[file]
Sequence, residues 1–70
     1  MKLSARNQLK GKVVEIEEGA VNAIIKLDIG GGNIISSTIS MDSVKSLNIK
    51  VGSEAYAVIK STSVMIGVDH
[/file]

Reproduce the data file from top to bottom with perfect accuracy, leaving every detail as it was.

Sequence, residues 1–70
     1  MKLSARNQLK GKVVEIEEGA VNAIIKLDIG GGNIISSTIS MDSVKSLNIK
    51  VGSEAYAVIK STSVMIGVDH